Finally, the much-anticipated day had arrived. Despite the months of planning, we faced setbacks from the very beginning. First, two of our riders missed their flight. Others, as downright rookies, arrived at the airport with the bottle of fuel for the stove, with traces of petrol, which led to a tricky time navigating security at the airport. Sorting out those first obstacles gave the trip its first bits of excitement. Later, we arrived at Hobart, where Tasmania began showing us its kinder side; which is often dampened by its wilder and more hostile side.
Our Airbnb hosts welcomed us with the kind of hospitality we’ve only found in a few places in the world, offering us their pick-up truck to get the other members of our crew and to do our initial shopping. Our trip was already beginning to have a very special touch.
The first two days were the longest, and with more than their fair share of climbing. Our idea was to get to the Central Highlands in the shortest possible time so we had more time to enjoy them. Rookie optimism. A large part of the land we passed through was private, which made finding designated campsites necessary. Lucky for us, Tasmania has many of them, and with amenities that made for very enjoyable nights. We spent our first night sleeping under millions of stars.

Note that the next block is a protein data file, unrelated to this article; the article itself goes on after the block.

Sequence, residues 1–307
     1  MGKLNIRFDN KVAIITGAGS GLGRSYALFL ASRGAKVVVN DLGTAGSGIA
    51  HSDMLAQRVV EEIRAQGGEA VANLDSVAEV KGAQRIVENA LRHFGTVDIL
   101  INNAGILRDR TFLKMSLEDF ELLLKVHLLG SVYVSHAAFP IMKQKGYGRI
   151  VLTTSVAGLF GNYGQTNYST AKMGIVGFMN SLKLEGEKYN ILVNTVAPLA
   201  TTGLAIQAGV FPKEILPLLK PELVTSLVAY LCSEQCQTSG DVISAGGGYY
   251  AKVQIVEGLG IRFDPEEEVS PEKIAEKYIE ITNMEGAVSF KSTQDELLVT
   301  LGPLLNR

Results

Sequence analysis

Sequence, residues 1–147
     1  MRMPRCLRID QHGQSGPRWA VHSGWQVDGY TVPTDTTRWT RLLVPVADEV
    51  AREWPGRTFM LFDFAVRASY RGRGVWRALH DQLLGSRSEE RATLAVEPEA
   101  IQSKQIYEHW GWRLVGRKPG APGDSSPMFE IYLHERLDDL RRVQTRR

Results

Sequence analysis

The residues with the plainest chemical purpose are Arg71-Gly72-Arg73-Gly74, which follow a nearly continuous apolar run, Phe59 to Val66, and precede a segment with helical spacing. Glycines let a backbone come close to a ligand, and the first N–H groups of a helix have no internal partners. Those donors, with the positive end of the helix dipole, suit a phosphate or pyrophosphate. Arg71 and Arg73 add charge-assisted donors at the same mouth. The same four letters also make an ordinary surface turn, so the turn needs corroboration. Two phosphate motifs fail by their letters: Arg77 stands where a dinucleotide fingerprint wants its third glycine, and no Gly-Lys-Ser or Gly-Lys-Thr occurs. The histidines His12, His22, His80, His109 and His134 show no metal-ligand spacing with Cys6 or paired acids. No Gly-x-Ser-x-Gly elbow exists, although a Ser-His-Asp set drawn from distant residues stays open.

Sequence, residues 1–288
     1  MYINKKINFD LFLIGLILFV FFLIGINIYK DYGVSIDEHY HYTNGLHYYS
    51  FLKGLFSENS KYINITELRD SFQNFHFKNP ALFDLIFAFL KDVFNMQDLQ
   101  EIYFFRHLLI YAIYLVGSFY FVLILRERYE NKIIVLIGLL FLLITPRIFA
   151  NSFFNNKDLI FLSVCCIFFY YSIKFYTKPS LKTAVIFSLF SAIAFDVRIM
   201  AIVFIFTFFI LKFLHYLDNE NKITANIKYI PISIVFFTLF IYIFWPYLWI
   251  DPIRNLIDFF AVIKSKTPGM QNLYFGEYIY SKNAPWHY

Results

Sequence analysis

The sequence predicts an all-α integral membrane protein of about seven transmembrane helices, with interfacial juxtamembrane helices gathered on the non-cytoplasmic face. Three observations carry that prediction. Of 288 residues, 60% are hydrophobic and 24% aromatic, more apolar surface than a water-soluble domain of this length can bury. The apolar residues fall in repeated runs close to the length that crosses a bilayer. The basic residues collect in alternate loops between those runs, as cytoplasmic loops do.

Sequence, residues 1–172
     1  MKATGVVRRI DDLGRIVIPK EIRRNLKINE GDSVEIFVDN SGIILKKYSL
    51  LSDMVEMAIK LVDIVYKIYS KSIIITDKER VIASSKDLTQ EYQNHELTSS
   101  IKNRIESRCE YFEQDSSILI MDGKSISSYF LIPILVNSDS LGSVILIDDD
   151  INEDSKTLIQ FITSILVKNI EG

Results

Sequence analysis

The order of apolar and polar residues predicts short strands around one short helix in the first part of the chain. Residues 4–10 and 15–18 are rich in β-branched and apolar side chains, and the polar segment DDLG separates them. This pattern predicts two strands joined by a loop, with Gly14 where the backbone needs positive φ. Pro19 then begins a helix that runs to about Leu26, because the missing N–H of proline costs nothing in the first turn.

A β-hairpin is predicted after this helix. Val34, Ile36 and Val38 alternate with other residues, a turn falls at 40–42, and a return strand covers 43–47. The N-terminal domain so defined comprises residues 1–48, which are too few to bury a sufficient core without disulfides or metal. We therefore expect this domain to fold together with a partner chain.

Despite being the most demanding, we managed to pedal our way into the Central Highlands without any problems, driven by the adrenaline that accompanies the beginning of any adventure. Small villages, kind people, great riding, and some good beers adorned our first days.
Miena, a Well-Deserved Rest
Miena is a small settlement of just 87 people, and it was home to our very first pub along the route. In the past, pubs were legally established as hotels to obtain a liquor-selling permit, and for generations have been the place where all visitors and residents gather and tell stories. As six foreign friends riding across Tasmania by bicycle have to tell, we felt like we had a good excuse to initiate conversations with the locals, who were colorful characters and always found a way to make us realize how “crazy” we were. “You’re the most beautiful people we’ve seen in the past six months, including women,” two men told us, followed by endless laughter.